CPJ International Press Freedom Awards

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International Press Freedom Awards
Awarded for courage in defending press freedom in the face of attacks, threats or imprisonment
Location New York City
Country United States
Presented by Committee to Protect Journalists (CPJ)
First awarded 1991
Official website Awards website

The CPJ International Press Freedom Awards honor journalists or their publications around the world who show courage in defending press freedom despite facing attacks, threats, or imprisonment.[1] Established in 1991, the awards are administered by the Committee to Protect Journalists (CPJ), an independent, non-governmental organization based in New York City.[2] In addition to recognizing individuals, the organization seeks to focus local and international media coverage on countries where violations of press freedom are particularly serious.[3]

Every November four to seven individuals or publications are honored at a banquet in New York City and given an award.[4] The ceremony also honors the winner of the Burton Benjamin Memorial Award for "lifelong work to advance press freedom".[5] Past hosts have included crime correspondent and former hostage Terry A. Anderson,[6] Amanpour host Christiane Amanpour,[7] and NBC Nightly News anchors Brian Williams and Tom Brokaw.[1][3] In 1998, the ceremony was briefly disrupted by protesters who unfurled a banner calling for the release of former Black Panther Mumia Abu-Jamal from Pennsylvania's death row.[8]

The first awards were given in 1991 to American photojournalist Bill Foley and his wife, journalist Cary Vaughan; Cameroonian reporter Pius Njawé; Chinese dissidents Wang Juntao and Chen Ziming; Russian television news anchor Tatyana Mitkova; and Guatemalan reporter Byron Barrera.[9] In 2012, the organization awarded its twenty-second group of journalists.[10] On three occasions, an award was also given to a news organization of which multiple staffers have been at risk: Tajikistan newspaper Navidi Vakhsh (1994), several reporters of which murdered during the 1992–97 civil war;[11] Guatemalan newspaper Siglo Veintiuno (1995), which was subject to police and army raids for its uncensored coverage of government corruption and human rights violations;[12] and Turkish newspaper Özgür Gündem (1996), which was subject to a campaign of publication bans, assassinations, and arrests for its reporting on the conflict between the Turkish Armed Forces and the Kurdistan Workers' Party.[13]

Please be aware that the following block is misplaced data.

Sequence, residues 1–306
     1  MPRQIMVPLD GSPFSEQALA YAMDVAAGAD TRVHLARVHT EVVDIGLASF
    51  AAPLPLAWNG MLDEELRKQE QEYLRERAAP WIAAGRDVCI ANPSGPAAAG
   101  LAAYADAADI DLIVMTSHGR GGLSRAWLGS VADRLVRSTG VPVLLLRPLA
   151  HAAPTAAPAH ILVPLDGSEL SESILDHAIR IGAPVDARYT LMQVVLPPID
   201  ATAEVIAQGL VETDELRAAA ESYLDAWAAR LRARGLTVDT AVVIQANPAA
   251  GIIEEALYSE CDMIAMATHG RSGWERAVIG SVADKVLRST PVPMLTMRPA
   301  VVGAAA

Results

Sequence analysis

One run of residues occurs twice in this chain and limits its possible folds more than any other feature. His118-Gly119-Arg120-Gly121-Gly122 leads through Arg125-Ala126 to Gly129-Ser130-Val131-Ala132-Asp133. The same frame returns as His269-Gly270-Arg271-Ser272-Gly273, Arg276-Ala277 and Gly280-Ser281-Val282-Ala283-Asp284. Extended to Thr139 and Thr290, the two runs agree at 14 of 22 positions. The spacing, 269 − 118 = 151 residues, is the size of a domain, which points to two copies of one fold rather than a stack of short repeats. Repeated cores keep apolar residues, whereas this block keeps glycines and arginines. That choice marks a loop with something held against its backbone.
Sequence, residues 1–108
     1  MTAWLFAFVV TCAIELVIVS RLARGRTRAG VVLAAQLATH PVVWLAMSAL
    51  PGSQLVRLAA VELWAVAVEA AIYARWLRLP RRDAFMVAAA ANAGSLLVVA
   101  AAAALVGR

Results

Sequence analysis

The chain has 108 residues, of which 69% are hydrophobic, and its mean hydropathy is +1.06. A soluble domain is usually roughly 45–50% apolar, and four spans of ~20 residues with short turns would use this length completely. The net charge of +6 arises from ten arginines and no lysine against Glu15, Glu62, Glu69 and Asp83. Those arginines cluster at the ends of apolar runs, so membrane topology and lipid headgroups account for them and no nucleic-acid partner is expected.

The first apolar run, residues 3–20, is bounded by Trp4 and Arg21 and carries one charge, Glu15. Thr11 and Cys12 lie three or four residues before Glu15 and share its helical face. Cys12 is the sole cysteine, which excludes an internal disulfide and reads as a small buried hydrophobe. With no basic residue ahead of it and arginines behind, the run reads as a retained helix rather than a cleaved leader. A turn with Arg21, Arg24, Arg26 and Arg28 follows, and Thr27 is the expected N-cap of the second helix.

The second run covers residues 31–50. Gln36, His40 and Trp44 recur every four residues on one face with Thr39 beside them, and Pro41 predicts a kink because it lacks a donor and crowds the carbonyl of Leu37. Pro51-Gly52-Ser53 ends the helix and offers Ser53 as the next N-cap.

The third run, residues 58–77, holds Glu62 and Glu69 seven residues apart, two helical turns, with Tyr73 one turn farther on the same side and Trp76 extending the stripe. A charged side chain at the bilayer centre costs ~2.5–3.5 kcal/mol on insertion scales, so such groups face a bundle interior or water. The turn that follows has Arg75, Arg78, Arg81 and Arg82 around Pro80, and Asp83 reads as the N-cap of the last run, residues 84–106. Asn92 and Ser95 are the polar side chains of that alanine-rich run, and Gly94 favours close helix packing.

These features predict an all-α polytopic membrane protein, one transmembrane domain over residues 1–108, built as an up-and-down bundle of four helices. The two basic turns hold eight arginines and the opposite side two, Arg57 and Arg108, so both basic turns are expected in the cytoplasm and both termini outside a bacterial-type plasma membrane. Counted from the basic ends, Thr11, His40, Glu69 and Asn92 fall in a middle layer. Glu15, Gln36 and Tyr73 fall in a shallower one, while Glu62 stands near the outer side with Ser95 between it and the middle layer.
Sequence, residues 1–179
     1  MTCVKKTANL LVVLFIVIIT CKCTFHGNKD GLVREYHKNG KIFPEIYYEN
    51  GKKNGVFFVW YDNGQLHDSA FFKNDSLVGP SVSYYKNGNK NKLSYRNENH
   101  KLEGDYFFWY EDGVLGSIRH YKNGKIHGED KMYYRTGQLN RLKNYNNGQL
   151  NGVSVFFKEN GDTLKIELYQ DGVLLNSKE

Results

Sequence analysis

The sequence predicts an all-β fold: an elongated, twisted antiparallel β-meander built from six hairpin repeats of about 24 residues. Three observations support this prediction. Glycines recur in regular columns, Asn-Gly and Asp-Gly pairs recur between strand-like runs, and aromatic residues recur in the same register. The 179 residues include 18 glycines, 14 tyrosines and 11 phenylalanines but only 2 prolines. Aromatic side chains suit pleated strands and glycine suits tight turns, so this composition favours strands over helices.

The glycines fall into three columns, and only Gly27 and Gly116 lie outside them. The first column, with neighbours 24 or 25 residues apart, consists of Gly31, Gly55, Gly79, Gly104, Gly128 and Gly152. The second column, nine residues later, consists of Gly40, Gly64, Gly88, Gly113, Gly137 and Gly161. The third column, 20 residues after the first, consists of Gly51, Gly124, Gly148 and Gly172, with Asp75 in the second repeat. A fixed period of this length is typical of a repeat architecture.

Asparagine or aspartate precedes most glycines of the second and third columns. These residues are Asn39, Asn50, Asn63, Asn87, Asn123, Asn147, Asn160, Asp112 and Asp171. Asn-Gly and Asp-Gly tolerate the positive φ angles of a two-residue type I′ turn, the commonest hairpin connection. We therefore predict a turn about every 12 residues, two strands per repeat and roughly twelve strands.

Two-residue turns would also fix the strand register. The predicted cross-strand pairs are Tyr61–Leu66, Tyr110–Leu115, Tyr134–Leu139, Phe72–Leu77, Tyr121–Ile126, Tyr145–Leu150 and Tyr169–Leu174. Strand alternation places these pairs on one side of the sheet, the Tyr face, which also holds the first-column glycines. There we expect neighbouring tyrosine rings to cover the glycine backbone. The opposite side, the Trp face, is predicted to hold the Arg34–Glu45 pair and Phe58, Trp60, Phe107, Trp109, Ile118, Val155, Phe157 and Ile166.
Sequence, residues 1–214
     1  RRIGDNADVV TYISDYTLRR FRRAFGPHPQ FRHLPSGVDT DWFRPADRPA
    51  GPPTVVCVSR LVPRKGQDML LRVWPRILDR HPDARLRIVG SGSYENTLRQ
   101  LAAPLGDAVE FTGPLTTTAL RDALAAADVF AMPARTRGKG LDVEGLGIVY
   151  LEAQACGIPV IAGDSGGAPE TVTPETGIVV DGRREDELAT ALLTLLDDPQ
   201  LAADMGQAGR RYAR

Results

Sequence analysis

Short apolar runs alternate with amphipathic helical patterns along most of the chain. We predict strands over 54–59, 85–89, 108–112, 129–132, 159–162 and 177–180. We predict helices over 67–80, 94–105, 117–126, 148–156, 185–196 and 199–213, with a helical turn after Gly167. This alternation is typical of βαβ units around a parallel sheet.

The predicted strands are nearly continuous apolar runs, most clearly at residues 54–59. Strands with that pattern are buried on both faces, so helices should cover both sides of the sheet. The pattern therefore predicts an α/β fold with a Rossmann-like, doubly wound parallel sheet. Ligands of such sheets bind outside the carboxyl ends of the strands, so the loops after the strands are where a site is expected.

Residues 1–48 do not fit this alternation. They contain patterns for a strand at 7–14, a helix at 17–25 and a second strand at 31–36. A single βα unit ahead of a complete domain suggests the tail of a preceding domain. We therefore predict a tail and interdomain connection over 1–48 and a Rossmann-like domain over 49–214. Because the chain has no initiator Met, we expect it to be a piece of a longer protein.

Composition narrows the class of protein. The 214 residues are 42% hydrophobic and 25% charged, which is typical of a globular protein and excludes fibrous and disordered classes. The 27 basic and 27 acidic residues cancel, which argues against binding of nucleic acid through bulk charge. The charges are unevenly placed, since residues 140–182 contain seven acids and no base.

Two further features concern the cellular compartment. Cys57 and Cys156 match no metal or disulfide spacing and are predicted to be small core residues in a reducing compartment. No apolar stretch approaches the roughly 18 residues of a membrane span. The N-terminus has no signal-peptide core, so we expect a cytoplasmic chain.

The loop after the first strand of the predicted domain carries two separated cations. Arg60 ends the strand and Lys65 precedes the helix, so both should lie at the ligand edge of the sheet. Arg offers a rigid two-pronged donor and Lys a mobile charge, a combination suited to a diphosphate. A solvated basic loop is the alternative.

Occasionally, imprisoned laureates accept their awards at a later ceremony, such as China's Jiang Weiping, who was awarded in 2001 but attended the ceremony in 2009,[14] and Azerbaijan's Eynulla Fatullayev, who was awarded in 2009 but attended the ceremony in 2011.[5] Sri Lankan reporter J.S. Tissainayagam was also awarded in 2009 while imprisoned, but was released in time to attend the 2010 ceremony, quipping in his acceptance speech, "Ladies and gentlemen, my apologies for being late."[3]

The award was given posthumously on three occasions: to David Kaplan, an ABC News producer killed by a sniper in Sarajevo in 1992;[6] to Paul Klebnikov, a Russian Forbes journalist shot to death in 2004 by unknown attackers;[15] and to Atwar Bahjat, an Iraqi journalist for Al Arabiya who was abducted and murdered in February 2006.[16] A number of other laureates had been threatened or attacked in the year preceding their award, such as Guatemalan journalist Byron Barrera (1991), whose wife was murdered in an attack on their car,[17] and Željko Kopanja (2000), who lost his legs in a car bomb.[18] Other laureates have been killed after their awards, such as Irish crime reporter Veronica Guerin (1995), awarded a year before her murder,[19] and Palestinian cameraman Mazen Dana (1991), awarded two years before being fatally shot by a US soldier in Iraq.[20] Eritrean journalist Fesshaye Yohannes (2002) died while still imprisoned; owing to conflicting reports and the secrecy of his confinement, the cause and year of his death remain unclear.[21]

Recipients[edit]

This list includes the recipients of the award as recorded at the official CPJ website. It is sortable by year, name, and country; owing to naming conventions in different countries, not all names are sorted by last name. Names in italics are publications which have received the award.

A woman with black hair, Tatyana Mitkova, sitting at a table
1991 recipient Tatyana Mitkova
A man with glasses and a graying beard, Veran Matić, sitting at a table
1993 recipient Veran Matić
An older man, Goenawan Mohamad, smoking
1998 recipient Goenawan Mohamad
A man with a full beard, Dmitry Muratov, speaking at a podium